We use solar power to charge phones, laptops and torches. However, our solar system is not extensive so charging facilities are limited (particularly in cloudy weather) and will prioritise the project communications and work necessities. We employ full-time staff in all the camps in various capacities, including for security, so the camps are never unattended.

As we are in the African bush there is always the possibility of encountering wildlife, both big or small. On arrival all volunteers are given clear safety briefings to minimise any dangers. All management staff have basic first aid qualifications and the camp has a fully comprehensive medical first aid kit.

Languages: English and French

Age range: 18-70 years.

Group size: Max. 4 volunteers at a time.

Weather

Rainy Season: During the rainy season, there are heavy rains and temperature ranges from 20 to 25oc and may go down to 18oc. Some of your clothes may get wet if not fully protected in water proof nylon and may not dry up as fast as expected. It could be slippery and we advise to bring good rubber boots.

Dry Season: During the dry season the temperature is fairly high, up to 270C in the forest and communities. It is warmer in the communities than in the forest because of the trees, which give shade and also regulate the atmospheric temperature. Hiking in the forest during this season is much easier.

Topography

The area consists largely of gently undulating hills known as “half-oranges” due to their resemblance to that fruit.

Road network

The roads are good and accessible from Yaounde to Bertoua.  From Bertoua to forest adjacent community there is an unpaved road. The roads are more accessibly in the dry seasons.  Please be aware that you may lose some hours because of the poor road network.

Lodge/ Hygiene and Sanitation

The lodging conditions changes as you approach the project sites.

In towns, there are clean lodges with water systems, toilets and shower baths. The hygienic condition of the lodges varies with the location.

In communities, there is poor hygiene in some community houses so stick to the advice of your field coordinator. You won’t find water system toilets, or shower baths. There are only pit toilets in the communities. You will have your bath in a stream or in the local hotel using a bucket and drink bottle water.

In the forest, you will sleep in tents using (inflatable) mats. There are no toilets so you will use boreholes which you will dig yourself and cover up after usage. In the forest, bathing and all other washing and cleaning is done in the stream (please bring biodegradable soap only). You can treat the stream/spring water with water purifying tablets/drops before consumption.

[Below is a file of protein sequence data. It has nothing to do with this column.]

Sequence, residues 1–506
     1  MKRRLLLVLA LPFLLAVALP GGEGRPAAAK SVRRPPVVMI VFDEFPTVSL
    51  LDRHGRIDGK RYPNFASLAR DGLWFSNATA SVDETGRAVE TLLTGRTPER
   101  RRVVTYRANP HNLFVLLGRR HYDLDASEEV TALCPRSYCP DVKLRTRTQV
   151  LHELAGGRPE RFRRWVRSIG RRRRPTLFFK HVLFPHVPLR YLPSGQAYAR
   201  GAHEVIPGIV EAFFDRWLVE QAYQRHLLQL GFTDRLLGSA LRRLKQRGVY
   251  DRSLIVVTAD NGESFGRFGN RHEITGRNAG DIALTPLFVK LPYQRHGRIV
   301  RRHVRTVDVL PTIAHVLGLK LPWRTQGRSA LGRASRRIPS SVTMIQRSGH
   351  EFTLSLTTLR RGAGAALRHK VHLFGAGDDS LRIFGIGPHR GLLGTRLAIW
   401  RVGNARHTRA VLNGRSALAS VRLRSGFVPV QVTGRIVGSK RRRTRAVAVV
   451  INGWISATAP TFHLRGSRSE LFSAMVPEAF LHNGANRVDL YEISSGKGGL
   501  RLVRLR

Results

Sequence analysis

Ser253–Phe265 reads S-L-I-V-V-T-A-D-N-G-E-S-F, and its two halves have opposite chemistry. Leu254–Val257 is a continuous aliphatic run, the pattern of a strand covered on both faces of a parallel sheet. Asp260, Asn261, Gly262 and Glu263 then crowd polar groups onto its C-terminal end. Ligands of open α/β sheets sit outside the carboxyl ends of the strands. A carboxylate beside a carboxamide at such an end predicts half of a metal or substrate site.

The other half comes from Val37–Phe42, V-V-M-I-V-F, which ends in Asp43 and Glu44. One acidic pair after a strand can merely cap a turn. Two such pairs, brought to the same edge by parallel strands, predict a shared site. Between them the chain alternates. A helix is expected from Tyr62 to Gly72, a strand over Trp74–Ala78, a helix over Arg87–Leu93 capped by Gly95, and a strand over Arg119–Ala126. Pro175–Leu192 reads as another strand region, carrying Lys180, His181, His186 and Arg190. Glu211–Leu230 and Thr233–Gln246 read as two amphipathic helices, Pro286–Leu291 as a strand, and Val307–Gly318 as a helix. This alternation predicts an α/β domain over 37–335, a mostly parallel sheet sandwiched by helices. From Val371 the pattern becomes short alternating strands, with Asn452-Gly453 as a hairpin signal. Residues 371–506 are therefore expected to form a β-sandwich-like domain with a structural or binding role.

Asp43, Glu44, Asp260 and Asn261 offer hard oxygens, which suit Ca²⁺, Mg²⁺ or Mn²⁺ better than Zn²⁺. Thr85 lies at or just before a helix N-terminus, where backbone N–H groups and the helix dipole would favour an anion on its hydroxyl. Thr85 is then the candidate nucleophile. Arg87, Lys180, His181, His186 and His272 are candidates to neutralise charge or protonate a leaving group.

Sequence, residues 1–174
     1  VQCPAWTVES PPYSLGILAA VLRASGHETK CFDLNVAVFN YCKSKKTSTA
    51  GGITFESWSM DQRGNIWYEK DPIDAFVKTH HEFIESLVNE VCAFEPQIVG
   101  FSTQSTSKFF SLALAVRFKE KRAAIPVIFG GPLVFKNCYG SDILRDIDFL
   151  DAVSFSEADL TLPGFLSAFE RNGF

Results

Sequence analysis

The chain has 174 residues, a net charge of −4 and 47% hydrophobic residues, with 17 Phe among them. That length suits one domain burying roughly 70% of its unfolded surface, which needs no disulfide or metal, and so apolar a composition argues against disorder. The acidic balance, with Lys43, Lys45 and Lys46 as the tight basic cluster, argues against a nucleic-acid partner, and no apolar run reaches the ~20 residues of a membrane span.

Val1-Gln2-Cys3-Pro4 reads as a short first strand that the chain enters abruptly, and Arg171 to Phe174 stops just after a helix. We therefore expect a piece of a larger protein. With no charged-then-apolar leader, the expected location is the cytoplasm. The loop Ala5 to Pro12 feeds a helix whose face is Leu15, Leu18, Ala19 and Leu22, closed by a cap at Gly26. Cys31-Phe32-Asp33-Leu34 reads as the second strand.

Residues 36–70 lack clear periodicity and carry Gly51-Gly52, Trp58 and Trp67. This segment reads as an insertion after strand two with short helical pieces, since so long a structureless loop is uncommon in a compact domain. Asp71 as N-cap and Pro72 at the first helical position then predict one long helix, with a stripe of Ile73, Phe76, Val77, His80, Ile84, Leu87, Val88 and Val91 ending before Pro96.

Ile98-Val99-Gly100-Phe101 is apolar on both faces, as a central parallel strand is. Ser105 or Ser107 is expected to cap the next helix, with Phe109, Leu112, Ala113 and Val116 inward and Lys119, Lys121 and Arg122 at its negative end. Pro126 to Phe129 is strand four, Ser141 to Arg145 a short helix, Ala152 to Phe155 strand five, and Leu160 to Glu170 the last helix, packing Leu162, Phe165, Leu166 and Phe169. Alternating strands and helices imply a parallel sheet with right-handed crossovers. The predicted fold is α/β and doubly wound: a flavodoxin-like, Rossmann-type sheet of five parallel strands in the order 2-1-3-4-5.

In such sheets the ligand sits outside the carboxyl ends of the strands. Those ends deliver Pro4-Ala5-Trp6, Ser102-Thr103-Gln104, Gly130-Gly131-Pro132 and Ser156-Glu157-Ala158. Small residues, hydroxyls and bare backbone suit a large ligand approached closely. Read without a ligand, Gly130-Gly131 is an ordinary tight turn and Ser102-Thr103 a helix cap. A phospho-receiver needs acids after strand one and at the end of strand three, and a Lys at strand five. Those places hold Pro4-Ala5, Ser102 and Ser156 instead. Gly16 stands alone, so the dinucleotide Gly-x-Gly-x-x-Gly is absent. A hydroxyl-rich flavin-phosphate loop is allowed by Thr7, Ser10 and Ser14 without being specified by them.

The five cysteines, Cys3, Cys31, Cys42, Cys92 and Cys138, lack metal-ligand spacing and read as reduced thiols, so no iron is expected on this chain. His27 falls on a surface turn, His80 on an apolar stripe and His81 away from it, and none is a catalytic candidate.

Meals

You will eat local traditional dishes depending on the area. We ensure that meals such rice, pasta, beans, irish chip, yams and plantains are available.  in the forest, we shall cook our own food and perishable foods will not be best in the field, therefore we usually stick to simple food such as rice, pasta, chips, biscuits, cakes etc.

Lighting

There is no electricity in the communities and at night you will use bush lamps or flash lights, in the communities and at the campsites.

Deng Deng National Park is located in the East Region of Cameroon, in the Lom-et- Djerem division. The park covers an area of about 523 km2 and lies between latitude 13° 23 to 13° 34 East and longitude 05° 5 to 05° 25 North, in the North-Eastern part of the lower Guinean forest. It was declared a category II IUCN protected area in 2010 in order to protect great apes, particularly the most northern population of the western lowland gorilla (Gorilla gorilla gorilla) that was reported to be present in this area but threatened by anthropogenic activities within and around the Deng-Deng forest reserve.  

The park also protects large population of chimpanzees, monkeys and ungulates including buffalo, bay duiker, blue duiker, yellow-backed duiker, red-flanked duiker, bongo and sitatunga. Water dwelling mammals including hippopotamus and swamp otter have also been confirmed in this area.

The cost to participate in the Mengame Gorilla Sanctuary project depends on the duration of your stay. These funds will be used to cover the costs of the volunteers during their stay and and includes a donation to the project.